Supreme Court Forces 'New York Times' Reporter James Risen To Reveal Sources, But That's Nothing New

The Supreme Court sided with the government Monday when it rejected an appeal from New York Times reporter James Risen, who is facing possible jail time for refusing to identify a source. The one-line decision, essentially presented without comment, will force Risen to testify at the trial of Jeffrey Sterling, who is suspected of leaking information about a confidential CIA operation to Risen.

In March, Risen opened the conference surrounding the George Polk Awards with some, well, very candid, criticisms about the state of press freedom. According to Poynter, Risen said the Obama administration was "the greatest enemy of press freedom that we have encountered in at least a generation."

Tell us how you really feel, James! I imagine that sentiment has only been reinforced as his court struggles drag on. But Risen told The New York Times on Monday that he plans on continuing to fight to protect his sources.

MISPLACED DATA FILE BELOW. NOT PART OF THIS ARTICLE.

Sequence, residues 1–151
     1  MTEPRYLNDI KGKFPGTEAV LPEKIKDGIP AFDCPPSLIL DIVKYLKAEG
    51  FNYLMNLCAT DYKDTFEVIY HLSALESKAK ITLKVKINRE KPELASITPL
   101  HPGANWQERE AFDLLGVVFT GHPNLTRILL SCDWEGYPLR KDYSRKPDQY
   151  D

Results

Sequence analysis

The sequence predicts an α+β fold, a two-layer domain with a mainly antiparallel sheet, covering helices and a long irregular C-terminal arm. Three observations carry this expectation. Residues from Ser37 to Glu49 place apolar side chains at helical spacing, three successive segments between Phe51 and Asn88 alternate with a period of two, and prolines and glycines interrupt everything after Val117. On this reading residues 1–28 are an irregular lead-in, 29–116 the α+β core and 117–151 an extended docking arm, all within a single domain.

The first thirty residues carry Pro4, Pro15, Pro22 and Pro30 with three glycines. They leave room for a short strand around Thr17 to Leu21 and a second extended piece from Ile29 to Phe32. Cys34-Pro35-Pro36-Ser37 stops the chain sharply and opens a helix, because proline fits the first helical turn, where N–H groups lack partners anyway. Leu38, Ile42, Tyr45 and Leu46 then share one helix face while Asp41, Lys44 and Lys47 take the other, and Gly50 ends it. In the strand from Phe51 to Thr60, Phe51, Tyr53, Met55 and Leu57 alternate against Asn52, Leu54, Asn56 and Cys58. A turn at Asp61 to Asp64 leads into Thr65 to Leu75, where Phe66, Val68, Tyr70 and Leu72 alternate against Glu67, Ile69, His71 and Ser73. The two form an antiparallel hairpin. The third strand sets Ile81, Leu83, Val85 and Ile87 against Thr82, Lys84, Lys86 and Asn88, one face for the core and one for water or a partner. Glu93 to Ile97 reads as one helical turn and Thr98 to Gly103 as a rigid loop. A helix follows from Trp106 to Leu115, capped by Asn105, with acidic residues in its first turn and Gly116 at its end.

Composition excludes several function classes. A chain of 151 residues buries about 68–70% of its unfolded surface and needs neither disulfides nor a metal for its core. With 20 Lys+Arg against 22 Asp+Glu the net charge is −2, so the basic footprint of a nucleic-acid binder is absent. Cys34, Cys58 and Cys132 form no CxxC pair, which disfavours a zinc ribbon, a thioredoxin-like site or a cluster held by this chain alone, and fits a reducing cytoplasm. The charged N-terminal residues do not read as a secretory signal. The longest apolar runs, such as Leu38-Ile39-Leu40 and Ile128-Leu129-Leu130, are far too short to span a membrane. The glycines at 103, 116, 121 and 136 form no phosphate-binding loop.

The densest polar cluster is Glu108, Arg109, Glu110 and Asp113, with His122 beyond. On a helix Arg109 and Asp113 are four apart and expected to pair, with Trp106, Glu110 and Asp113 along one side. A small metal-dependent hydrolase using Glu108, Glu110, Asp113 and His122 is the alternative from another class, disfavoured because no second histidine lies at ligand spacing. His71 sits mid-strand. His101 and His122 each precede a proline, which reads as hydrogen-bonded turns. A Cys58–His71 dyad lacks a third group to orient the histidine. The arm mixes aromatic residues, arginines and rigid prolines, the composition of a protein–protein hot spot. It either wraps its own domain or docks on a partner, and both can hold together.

In Risen's case, the laws actually haven't tightened under Obama's watch. While his aggressive prosecuting of information leakers may have sent Risen to court, Obama is operating under the same framework that has been in place for years: The courts have never recognized that journalists deserve special protection from testifying.

In fact, Risen's current predicament has been a cyclical problem between journalists and the courts dating back to the earliest newspapers. But each time it renews a conversation on if the law should afford journalists special protection (I bet I know what Risen would think). Let's take a look back at some of these cases.

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Nugent became the OG of reporter's privilege cases when he refused to reveal who gave him a secret draft of the Treaty of Mexico. He was put in the custody of the Senate's sergeant-at-arms, filed stories from his room, and had his salary doubled while in confinement. Talk about a badass.

This Supreme Court decision blocked journalists from using First Amendment as a defense for not appearing before a grand jury. It was narrowly defeated in a 5-4 vote, and man would it have cleared a lot of these other cases up. It is the only time the Supreme Court has had a case relating to reporter's privilege.

Miller took 85 days in jail rather than reveal sources surrounding Valerie Plame, an undercover CIA operative who was outed by syndicated columnist Robert Novak. Miller didn't even write about Plame, but still got roped into the whole affair and took heat for it.